Meditation 101

written by Nellie Lazar, CRS
Turlock, CA   
Aug 1, 2021


Wikipedia describes meditation as “a practice where an individual uses a technique such as mindfulness or focusing the mind on a particular object, thought, or activity to train attention and awareness, and achieve a mentally clear and emotionally calm and stable state.” It is elusive to define, but meditation is a common and varied practice within many faith traditions. Mindfulness meditation is commonly practiced to achieve an awareness of the present moment. Letting go of any preconceived expectations of what you think your meditation practice should look like will help you adapt your practice to your lifestyle so that it becomes a natural state of being.

For years, meditation eluded me. I thought I was too busy and too distracted. Because I’m an all-or-nothing type of personality, I wanted to achieve a long meditation right off the bat. It wasn’t until I went through yoga teaching program several years ago that I discovered not just the benefits of a meditation practice, but also the right tools to help me on my journey. Because my business is very demanding of time and energy, meditation has been crucial in helping me achieve balance and I’ve been blessed by it’s benefits.


The benefits of meditation include feelings of joy in the present moment, decreased feelings of stress and anxiety, improved sleep, self-acceptance, and increased focus, and overall calmness. The required attention to breath triggers a relaxation response and soothes our nervous system.


I’m not going to lie… meditation is hard at first. Personally, I found it helpful to initially meditate in a group setting. The proximity to others made me feel safe and calm and was hugely beneficial to my not giving up on the practice. You can find online classes, videos, tutorials, phone apps, and community groups that will all help you get started. You may also be able to find a meditation coach that will work with you one-on-one.


I found that early morning is the best time for me, but it looks different for everyone. When you become comfortable with meditation, you may adapt to all different times of the day. If you begin by thinking that you can knock out a 20 minute meditation session, you may be setting yourself up for failure. Start small… 5 minutes, then 10, and so on.


No fancy meditation room required, folks. You just need a quiet space and a comfortable chair, cushion, or mat. Inside or outside, it doesn’t matter as long as you feel safe and comfortable. I once witnessed someone meditating in the middle of Main Street in Disneyland. Now, that’s real zen mastership!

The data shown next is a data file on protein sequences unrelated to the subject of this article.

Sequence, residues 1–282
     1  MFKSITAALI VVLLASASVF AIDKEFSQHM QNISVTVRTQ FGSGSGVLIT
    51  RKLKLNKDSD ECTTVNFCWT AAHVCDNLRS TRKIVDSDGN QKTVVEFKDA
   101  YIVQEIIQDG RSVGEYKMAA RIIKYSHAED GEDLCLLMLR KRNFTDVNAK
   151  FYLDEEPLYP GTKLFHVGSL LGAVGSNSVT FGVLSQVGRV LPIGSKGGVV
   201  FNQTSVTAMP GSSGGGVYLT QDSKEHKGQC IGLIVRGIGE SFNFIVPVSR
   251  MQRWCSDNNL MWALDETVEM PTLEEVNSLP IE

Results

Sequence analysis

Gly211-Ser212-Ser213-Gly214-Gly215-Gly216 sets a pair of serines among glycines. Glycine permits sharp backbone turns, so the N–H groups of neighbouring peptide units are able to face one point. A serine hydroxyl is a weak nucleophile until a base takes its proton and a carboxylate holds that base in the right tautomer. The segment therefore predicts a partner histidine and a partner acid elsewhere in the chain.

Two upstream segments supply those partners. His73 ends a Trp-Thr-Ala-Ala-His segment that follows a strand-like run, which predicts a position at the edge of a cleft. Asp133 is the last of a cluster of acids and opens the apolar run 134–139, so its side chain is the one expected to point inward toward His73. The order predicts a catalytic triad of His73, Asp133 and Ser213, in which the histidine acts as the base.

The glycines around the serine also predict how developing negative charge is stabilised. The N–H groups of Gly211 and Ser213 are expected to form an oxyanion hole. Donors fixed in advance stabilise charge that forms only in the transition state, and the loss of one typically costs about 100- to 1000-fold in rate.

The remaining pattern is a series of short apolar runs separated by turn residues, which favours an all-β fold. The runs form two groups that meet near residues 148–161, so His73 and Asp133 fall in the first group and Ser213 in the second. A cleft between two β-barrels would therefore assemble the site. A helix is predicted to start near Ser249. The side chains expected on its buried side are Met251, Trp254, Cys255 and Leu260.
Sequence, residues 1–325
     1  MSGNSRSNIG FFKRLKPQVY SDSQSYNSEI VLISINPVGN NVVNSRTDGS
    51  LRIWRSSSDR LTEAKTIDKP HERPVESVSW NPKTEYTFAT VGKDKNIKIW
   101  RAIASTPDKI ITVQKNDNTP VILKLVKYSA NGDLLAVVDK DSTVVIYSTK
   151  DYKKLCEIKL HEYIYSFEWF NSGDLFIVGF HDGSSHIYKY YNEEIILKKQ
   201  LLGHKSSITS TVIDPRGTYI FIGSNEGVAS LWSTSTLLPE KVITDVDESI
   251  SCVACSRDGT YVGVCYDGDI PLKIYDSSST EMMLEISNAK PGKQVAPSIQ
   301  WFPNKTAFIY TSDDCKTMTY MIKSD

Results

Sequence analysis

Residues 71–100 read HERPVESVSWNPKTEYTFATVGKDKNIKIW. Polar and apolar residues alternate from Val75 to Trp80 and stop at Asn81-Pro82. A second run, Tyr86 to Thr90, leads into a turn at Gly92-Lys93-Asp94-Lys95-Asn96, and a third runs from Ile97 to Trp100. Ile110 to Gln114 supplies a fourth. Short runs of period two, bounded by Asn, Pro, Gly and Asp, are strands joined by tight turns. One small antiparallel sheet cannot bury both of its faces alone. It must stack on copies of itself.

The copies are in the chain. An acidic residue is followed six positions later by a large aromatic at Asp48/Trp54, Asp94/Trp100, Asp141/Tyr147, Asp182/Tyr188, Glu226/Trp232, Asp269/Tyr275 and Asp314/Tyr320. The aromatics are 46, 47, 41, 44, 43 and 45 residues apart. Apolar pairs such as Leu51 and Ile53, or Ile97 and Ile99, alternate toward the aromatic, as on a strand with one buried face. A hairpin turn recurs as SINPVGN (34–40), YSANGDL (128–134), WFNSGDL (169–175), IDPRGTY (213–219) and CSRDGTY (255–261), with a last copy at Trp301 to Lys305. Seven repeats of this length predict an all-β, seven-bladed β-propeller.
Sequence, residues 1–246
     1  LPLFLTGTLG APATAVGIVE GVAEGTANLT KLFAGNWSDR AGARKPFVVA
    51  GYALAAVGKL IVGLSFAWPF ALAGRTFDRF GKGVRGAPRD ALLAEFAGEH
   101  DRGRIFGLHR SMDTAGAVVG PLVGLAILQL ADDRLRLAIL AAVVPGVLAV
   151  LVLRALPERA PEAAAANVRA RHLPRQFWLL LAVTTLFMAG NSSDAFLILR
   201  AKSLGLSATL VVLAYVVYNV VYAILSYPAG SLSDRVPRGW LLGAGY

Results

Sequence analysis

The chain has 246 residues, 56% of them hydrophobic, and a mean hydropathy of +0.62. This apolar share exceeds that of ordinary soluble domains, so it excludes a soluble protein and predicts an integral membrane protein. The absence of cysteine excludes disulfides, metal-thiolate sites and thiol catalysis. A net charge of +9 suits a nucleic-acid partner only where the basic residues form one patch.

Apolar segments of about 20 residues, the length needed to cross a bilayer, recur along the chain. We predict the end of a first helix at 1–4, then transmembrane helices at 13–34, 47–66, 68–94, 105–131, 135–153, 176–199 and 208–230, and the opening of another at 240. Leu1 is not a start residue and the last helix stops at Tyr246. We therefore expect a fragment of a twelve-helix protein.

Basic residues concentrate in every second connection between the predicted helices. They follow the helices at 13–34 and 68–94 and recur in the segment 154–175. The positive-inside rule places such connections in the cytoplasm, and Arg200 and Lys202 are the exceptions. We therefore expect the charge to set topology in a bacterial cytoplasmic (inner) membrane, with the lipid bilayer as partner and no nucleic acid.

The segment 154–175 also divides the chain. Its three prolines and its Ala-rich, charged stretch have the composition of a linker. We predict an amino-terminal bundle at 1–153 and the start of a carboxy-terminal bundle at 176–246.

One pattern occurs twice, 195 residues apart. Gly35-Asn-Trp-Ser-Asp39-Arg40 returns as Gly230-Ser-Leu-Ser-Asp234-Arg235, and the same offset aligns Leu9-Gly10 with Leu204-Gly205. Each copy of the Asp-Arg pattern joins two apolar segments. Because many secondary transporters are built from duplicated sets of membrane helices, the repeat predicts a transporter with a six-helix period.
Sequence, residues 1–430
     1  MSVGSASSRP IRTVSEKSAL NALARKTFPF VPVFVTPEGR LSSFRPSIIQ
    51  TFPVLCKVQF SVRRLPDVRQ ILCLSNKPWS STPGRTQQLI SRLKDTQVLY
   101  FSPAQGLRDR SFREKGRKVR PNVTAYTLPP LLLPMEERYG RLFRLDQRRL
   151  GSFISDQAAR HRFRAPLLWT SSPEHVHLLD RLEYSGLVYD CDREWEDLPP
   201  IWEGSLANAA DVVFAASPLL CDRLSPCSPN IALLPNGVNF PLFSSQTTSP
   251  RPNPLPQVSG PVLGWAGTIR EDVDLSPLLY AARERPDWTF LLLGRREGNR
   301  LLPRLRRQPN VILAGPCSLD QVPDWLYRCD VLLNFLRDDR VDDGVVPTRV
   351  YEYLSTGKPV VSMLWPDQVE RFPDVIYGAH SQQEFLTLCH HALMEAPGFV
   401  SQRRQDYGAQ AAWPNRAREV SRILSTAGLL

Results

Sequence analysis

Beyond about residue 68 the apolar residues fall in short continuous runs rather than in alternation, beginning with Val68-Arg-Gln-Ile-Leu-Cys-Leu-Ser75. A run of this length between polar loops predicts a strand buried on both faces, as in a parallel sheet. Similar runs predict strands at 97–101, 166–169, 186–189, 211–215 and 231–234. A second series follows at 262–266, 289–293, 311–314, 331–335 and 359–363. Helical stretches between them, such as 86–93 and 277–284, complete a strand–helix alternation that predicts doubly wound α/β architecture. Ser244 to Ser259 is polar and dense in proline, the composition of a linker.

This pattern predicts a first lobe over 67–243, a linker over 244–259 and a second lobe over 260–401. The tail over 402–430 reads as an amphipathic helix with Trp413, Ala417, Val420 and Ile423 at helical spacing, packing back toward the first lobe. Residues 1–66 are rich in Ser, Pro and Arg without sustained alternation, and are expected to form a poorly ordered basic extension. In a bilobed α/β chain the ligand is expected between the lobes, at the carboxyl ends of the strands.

Go easy on yourself because you WILL have disruptive thoughts. “Did I remember to call my client,” and other items on your to-do list will undoubtedly make themselves known. This is where we practice non-judgment and self-kindness.  These random thoughts are normal. Think of them as fleeting clouds, and let them go. Keep coming back to your breath.  Follow your breath and not the thoughts. If it serves you, establish a mantra that might help you stay focused.


First, consider setting a timer. I personally find this helpful. For your first time, start out with 5 minutes. Sitting comfortably on your chair, cushion, or mat (cross legged or any position that suits you), follow these 2 steps. 

  1. Close your eyes and focus within. Notice your natural breathing pattern, and begin focusing on your inhales and exhalations. Notice the rise and fall of your belly, and notice your body movements with each breath. Every time your mind wanders and those to-do tasks seep in, come back to your breath.
  2. If it serves you, set your mind on an internal image of something you find soothing… a gently swaying tree, an ocean wave, etc. Perhaps a mantra is a tool you’ll find useful and calming… reciting an expression of gratitude or peace, repeating the sound OM either audibly or silently, whatever speaks to your soul. Continue in this way until your timer goes off, and then gently open your eyes and slowly awaken your mind and body.

Be mindful that not every session will be the same. Some may be deeper than others. As you progress through your meditation journey, you’ll discover your own style. You might discover that you like the soft hum of chanting monks in the background, or the melodic sounds of Tibetan singing bowls. You may want to incorporate prayer beads. Remove the self-judgment and be okay with what resonates with you. If any of these practices enhance your ability to disconnect from the mind, don’t be afraid to use them. The right way is the way that works for you, so experiment until you find your comfort zone. Whatever your style is, it is totally okay because this is YOUR practice! 

Namaste, Nellie